Yvonne McBean, a familiar face at 815 Second Avenue in New York for more than 40 years, plans to retire at the end of December.
During 43 years of working at the Episcopal Church Center, McBean has held several positions, attended six General Conventions, visited Guatemala and Honduras, traveled to 45 states in the continental U.S., and returned to her birth place of Panama.
She is also one of only two people at the Church Center who holds the distinction of having worked for five Presiding Bishops: Arthur Lichtenberger, John E. Hines, John M. Allin, Edmond L. Browning and Frank T. Griswold.
“The Episcopal Church has been blessed for more than 40 years by the service of Yvonne McBean, who has been an important part of our Church Center during the terms of five Presiding Bishops,” said Bishop Griswold. “Our church’s greatest resource is its people, so I very much appreciate Yvonne’s tremendous expression of commitment to our common life. Our prayers and blessings and thanksgivings go with her as she retires.”
McBean started her career at the Church Center when it was located at 281 Park Avenue South and was known as the National Council of the Episcopal Church.
“I came from Panama with a letter of recommendation from my bishop who told me to go to the national church to see if they would give me a job,” she said.
She was hired as “vacation relief help” and went on to work in the Home Department, General Convention Special Program, National Mission in Church Society office, General Convention Office, Administration, and briefly in Episcopal Migration Ministries. She spoke fondly of her work as an administrative assistant with the National Mission in Church and Society program under the leadership of Alice Phelps Emery, who died recently in Minnesota. McBean said Emery would send her cards to keep in touch through the years.
“For 43 years, Yvonne McBean has been a presence in the life of the Episcopal Church Center, and she has come to know decades of staff members and welcome innumerable visitors from throughout the Church,” said Pat Mordecai, chief operating officer of the Church Center. “She is the only present member of the staff who first worked at 281 Park Avenue South and then made the move to 815 Second Avenue. Through her work in the National Mission Office, the General Convention Office, and as Receptionist and Meetings Coordinator, she has exhibited great strength, commitment, and a subtle sense of humor, all of which will be greatly missed by her many colleagues, both present and past. We wish her well in this next chapter of her life.”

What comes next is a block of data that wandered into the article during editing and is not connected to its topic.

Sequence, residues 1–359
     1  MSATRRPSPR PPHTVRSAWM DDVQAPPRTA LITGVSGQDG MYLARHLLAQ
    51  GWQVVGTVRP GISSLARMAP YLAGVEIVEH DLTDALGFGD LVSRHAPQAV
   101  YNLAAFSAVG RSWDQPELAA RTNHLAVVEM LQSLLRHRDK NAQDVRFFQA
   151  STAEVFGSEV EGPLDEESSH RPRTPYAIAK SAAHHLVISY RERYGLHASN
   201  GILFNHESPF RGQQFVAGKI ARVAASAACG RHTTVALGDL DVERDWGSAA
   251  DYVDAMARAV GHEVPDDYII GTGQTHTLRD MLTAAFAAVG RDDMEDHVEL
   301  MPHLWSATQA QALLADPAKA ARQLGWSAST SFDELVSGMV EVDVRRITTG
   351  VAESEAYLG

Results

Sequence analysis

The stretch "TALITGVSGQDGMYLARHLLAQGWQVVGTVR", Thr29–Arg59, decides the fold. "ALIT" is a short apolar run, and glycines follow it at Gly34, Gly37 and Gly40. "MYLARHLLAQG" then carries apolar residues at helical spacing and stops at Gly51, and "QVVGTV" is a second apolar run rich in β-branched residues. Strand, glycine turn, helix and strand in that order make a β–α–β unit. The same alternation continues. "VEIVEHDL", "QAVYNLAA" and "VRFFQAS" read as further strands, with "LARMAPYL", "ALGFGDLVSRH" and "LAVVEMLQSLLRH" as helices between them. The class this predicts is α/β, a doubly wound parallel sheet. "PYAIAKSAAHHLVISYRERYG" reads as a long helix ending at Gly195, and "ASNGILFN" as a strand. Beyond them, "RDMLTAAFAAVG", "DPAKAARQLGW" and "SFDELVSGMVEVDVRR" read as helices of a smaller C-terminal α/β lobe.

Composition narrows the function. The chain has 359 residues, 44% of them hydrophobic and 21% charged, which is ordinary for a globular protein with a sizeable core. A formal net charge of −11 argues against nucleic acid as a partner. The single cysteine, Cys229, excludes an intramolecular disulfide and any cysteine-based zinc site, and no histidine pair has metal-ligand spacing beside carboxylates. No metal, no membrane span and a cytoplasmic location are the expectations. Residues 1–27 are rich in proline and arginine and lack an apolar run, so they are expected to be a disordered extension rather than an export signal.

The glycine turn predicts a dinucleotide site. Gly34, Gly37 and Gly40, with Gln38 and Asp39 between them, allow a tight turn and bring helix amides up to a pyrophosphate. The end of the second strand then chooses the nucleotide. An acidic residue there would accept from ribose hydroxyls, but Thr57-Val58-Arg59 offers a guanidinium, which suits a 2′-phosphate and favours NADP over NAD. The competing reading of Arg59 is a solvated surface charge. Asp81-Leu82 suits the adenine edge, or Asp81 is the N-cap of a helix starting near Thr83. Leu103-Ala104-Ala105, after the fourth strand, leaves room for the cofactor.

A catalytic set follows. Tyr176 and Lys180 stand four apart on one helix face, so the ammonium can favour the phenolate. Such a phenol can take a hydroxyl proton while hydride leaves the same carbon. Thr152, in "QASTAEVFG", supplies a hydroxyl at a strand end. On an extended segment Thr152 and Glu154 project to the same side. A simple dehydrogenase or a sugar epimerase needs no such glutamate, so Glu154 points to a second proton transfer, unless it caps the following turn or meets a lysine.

A cradle Episcopalian, McBean said that each administration “had things that at times will get you down, and I guess that’s in every faith” but “I would feel uplifted and moved when I’d go to the installation of a presiding bishop, and make new friends within my travels.”
She said she was “impressed with the work that ERD was doing in Honduras” and “it was good to be a part of that to see how other people appreciate what other people are doing for them.” She also spoke of seeing “monumental things like the churches that burned in Alabama, and the devastation of the Oklahoma City bombings.”
“She has always had a special relationship with the mission of the Episcopal Church because she always saw the Center as something for others, reaching out for the church to touch the broken and the wounded,” said Browning. “I think she has always had a sense of honesty about how she saw things; she was never afraid to tell the truth and I found that refreshing. You have to say that she really has become an icon, part of the folklore of the Episcopal Church Center, in a very positive way. She has earned her stripes in very faithful ways. She was always tremendously kind and helpful to me and Patty. I wish her all the very best and hopes she enjoys her retirement as much as I do mine.”
Leaving in the midst of a major renovation, McBean said it would be a “moving experience to come back and see the new Church Center as compared to the first new Church Center” she worked in shortly after being hired.
“I’m sorry I have to go, but there comes a time when you have to move on and don’t look back,” she said. “Be grateful that you were able to do the years that you did, to make the friends that you made, and try to stay connected from time to time.”
“Yvonne was sort of the lasting presence [at the Church Center],” said Patty Browning.” I wish her well, and I don’t know of anybody who’s earned such a well deserved retirement as she has. Yvonne, have a wonderful time in your retirement.”
McBean sets spending time with her grandchildren high on the list of things to do post-retirement.
"I'll do some traveling and help out with my four grandchildren," said McBean. "They're looking forward to having me home too."
Summarizing her career, McBean said there is nothing she would have done different and that “it has been a good experience.”
"I'm going to miss all the friends I have made over the years and even the new ones,” said McBean."It's nice to know that people appreciate what you do, and what you stand for."